Glenn Weiss

via e-mail

Half-baked Cake

The article on Cake was very inaccurate. Jackie McCarthy did not do his/her research. Ninety percent of the article ("Just Say No to Cake," 2/18) was not about music. It was about an American Eagle Outfitters catalog. Cake never gave permission for this catalog to use them in it. If Mr./Mrs. McCarthy had bothered to contact Cake management, or the record company, which is the bare minimum for journalism or editorial writing, she/he would have found this information out.

Mark Kornweibel


Fear of music

Geov Parrish in his pose of martyred youth has overdone the Speakeasy defeat by the state Liquor Board (Impolitics, "Fear of Youth," 2/25). There is no war on youth. The Liquor Board blesses the combination of alcohol and kids: Just see all the families around the tables in restaurants serving every sort of beer and wine. What the Liquor Board makes war on is music. Specifically, live music of any sort. It is amazing it doesn't shut down any restaurant that allows the singing of "Happy Birthday," because that is performed live on premises, and by rules of the board, the kids should all leave immediately. Oh, if it came into the room through wires and speakers, that would be fine too, the board beams its approval. Where are the voices of the arts establishment, the musicians' union, the City Council, common sense? Who appointed the Liquor Board to the post of music censors? Time for some new rules. Gary Locke, are you listening?

Hank Bradley

via e-mail

Ban sterile Seattle

I have lived in the city of Seattle for more than 10 years and I have always felt that there was a direct correlation between the decline of the local music scene and the banning of posters and flyers on the telephone poles (4th & James, "Poster Ban Under Fire," 2/18).

When the law was passed, it seemed like a "big brother" plot to sterilize the city and render it lifeless, scouring all independent art and creative endeavors from the public view. The City Council's claim that it was attempting to beautify Seattle by cleaning the layers of tattered paper from the poles falls flat when city dwellers look around them every day to piles of garbage and filth left on the streets by our "tidy" authority figures.

If the people of Seattle were to take back their right to advertise, proclaim, and express their creative selves through concerts, theater, garage sales, and even the finding of lost pets, this city might once again have all the vibrancy and excitement of its former self.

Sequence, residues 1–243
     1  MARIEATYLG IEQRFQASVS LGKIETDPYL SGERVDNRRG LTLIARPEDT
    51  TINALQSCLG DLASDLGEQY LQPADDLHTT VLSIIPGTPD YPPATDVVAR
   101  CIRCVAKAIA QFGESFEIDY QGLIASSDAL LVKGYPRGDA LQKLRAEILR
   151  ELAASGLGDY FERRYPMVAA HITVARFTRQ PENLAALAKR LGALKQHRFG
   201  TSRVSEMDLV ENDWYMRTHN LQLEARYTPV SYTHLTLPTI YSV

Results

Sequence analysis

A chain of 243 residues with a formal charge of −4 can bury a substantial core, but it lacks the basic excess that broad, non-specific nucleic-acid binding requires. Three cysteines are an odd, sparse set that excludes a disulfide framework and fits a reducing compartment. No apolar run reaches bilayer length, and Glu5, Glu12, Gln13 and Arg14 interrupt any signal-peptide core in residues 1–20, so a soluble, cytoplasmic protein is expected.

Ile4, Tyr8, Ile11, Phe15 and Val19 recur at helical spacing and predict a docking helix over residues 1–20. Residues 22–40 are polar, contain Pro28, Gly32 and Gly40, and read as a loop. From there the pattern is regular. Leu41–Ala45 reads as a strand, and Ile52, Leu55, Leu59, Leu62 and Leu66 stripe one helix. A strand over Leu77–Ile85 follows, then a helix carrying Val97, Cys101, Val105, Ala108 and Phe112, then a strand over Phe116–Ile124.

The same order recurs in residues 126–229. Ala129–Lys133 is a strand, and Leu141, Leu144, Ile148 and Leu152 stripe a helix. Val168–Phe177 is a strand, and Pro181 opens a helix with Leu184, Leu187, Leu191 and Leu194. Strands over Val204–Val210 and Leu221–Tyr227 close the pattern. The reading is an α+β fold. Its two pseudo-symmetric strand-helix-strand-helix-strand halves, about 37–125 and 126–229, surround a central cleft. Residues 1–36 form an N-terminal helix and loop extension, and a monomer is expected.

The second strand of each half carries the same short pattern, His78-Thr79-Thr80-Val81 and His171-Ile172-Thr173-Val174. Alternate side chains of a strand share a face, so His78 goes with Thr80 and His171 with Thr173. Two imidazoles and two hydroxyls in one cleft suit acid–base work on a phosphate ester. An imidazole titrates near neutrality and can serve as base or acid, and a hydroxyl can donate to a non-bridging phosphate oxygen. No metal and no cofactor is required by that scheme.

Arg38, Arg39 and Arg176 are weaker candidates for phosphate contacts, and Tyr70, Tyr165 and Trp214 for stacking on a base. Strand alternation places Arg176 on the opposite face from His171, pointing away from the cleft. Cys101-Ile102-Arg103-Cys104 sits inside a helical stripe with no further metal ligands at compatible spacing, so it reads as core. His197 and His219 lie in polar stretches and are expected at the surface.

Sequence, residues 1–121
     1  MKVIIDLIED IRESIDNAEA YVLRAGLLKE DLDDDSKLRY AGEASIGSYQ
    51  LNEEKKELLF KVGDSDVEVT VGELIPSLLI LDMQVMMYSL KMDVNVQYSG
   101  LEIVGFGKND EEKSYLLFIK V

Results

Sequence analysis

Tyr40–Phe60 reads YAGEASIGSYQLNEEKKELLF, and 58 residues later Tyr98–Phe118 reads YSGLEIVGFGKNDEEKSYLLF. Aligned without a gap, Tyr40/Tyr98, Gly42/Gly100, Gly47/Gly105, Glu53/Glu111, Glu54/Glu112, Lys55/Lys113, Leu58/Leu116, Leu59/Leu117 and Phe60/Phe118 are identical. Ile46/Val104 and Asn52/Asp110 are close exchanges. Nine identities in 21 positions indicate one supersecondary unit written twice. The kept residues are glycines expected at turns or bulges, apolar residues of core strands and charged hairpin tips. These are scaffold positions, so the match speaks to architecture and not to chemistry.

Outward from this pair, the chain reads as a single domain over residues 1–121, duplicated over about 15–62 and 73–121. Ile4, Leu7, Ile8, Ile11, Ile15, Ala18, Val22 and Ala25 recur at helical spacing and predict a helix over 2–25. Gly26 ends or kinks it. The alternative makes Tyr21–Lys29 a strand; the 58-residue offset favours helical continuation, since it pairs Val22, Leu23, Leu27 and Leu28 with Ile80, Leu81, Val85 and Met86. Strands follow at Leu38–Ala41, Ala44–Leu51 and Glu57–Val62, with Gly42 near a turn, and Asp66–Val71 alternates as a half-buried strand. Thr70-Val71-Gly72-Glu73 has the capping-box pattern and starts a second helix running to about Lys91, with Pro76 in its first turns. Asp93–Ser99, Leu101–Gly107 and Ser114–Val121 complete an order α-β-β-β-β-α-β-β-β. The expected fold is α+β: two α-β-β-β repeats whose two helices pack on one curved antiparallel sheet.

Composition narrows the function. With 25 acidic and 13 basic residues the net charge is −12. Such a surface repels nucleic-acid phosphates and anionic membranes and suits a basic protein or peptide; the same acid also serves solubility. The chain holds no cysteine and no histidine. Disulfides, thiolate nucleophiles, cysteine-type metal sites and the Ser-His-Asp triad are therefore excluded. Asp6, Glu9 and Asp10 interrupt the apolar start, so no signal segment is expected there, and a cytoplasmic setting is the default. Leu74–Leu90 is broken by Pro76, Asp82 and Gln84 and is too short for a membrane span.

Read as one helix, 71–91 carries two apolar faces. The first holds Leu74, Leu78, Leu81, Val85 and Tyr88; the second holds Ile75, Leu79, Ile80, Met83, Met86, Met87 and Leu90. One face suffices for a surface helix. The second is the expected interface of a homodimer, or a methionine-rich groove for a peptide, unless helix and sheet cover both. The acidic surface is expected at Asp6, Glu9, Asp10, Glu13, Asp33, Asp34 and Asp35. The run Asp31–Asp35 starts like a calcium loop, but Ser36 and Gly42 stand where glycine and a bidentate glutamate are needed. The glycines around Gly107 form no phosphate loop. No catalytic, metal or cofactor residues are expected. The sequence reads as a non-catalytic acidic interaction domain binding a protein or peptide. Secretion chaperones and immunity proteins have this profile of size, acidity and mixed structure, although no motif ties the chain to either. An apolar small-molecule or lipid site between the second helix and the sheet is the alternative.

Katie Morse


'Post it' note

Thanks to James Bush for the update on the poster ban issue (4th & James, "Poster Ban Under Fire," 2/18). The Seattle City Council's resolution to ban postering put an end to a long-honored tradition of free speech and expression in Seattle. Ending the ban is the best way to restore the freedom that once belonged to Seattle citizens and provide an environment where the art and music we Seattleites cherish can once again flourish.

Robert Lunday


It's the unreal thing

In addition to this ridiculous deal with the movie times, Regal Cinemas has also changed from a Coke shop to Pepsi ("Film-flam Men," 2/11). If the first issue wasn't enough to keep me out of the house (which it is), the second one most certainly is!

John Davis


Copycat library

I read Eric Scigliano's coverage of the new library project's architectural genesis—today, a project! tomorrow, a boondoggle!--and have to ask what seems like an obvious question: Since we all know that our city leaders will blow this decision anyway, why not just cut our losses and buy the blueprints to Vancouver's new library instead? (See Quick & Dirty, "Function over Form," 2/4.)

Vancouver did it right, so let's build an exact duplicate of the Vancouver City Library here in Seattle. Just change the name, file off the serial numbers, and maybe slap a different color of paint on that sucker and we'll be in much, much better shape than if we let our clod-footed city leaders sell us another bill of goods.

John Tynes